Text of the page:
Click here for more ideas on greening your office!

Boxed Water is Better!

photo-2This past weekend I attended a delicious local food truck festival and discovered boxed water!  Not luxury, specialty or flavored water, but plain, purified water in a boldly printed box that says, “Boxed Water is Better”.  What a great idea – in the fast-growing water bottle market, it’s hard to believe it hasn’t been boxed before.

Boxed Water is Better, LLC, started in 2009 in Grand Rapids, Michigan with the mission of creating a new water company with simple, sustainable packaging, one that gives back to foundations and one with a lower carbon footprint than traditional bottled water.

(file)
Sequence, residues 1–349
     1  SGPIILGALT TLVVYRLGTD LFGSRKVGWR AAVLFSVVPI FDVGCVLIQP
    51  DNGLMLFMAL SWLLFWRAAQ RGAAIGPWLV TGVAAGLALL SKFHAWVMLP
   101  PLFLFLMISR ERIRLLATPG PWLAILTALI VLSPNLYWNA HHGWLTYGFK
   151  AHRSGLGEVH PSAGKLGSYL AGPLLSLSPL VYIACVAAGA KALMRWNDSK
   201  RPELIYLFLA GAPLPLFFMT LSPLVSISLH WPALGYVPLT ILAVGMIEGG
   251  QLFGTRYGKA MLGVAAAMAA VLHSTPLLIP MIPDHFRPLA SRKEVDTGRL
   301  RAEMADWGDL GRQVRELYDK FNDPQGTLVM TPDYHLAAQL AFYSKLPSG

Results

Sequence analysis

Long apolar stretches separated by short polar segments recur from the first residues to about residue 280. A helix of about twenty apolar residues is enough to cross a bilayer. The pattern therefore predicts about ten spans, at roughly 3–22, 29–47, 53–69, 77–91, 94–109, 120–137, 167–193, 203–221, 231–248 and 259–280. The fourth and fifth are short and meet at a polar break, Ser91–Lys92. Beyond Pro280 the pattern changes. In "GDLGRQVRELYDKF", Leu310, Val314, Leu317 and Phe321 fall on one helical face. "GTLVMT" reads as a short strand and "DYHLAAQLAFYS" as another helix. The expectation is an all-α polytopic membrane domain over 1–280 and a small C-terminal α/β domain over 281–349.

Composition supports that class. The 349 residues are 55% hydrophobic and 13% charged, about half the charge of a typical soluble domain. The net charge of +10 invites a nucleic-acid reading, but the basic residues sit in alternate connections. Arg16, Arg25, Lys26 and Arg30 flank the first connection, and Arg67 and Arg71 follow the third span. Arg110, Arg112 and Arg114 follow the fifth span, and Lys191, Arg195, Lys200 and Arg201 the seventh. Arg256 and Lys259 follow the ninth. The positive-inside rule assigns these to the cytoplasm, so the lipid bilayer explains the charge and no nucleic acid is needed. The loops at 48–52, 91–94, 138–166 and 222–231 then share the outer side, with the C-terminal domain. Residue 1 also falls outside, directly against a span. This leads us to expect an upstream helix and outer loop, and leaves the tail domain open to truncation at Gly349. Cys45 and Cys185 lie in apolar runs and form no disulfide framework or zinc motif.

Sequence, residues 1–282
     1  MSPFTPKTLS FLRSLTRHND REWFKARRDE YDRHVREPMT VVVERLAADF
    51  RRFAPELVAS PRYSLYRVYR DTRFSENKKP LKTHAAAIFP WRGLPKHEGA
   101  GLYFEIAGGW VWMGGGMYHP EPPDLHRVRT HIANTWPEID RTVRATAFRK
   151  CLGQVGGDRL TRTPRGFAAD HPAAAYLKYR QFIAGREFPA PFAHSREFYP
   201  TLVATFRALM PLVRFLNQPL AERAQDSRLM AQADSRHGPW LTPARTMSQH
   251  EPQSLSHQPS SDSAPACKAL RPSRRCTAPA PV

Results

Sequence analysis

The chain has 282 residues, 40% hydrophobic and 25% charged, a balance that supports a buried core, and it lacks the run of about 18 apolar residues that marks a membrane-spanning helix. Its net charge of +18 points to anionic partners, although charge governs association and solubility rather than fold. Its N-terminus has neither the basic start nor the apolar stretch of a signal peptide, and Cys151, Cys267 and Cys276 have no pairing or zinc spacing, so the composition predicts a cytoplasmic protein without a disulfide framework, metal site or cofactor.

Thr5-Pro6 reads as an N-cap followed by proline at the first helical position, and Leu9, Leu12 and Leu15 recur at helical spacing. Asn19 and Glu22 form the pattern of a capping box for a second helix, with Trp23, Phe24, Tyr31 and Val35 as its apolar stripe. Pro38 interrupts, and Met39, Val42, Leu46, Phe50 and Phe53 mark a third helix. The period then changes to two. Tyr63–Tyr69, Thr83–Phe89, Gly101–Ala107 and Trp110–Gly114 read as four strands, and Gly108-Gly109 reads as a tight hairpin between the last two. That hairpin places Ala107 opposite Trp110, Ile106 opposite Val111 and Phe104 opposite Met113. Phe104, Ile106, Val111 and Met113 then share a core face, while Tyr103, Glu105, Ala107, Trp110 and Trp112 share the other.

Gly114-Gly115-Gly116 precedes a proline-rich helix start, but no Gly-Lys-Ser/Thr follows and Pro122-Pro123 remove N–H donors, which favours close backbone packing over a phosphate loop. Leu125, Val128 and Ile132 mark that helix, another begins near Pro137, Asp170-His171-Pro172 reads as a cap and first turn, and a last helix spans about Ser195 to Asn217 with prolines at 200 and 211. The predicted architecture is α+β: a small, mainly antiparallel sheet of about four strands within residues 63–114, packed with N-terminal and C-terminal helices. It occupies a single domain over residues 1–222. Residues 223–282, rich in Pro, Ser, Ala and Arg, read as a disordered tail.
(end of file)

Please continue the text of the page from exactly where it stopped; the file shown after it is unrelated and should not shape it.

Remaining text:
About 76% of the box is manufactured from trees grown in certified, well-managed forests where new ones are constantly grown to replace those harvested.  Using this renewable resource, trees, which also sequester carbon dioxide, makes it one of the most sustainable beverage packages available.

The water is carbon-filtered, purified drinking water from the municipal source in each of their major markets.  The boxes are shipped flat to the local filling company, a significantly more energy-efficient way to ship, where they are then filled.  The boxes are easily recycled and can be flattened to take up less space.

photo-1-2 I love the look of the boxed water.   The no-nonsense black and white printing on the box simply says what it is “Boxed Water is Better” with a water drop.  One panel on the box explains their environmentally friendly, sustainable, give back philosophy.  10% of their profits are donated to world water relief foundations and another 10% donated to reforestation foundations.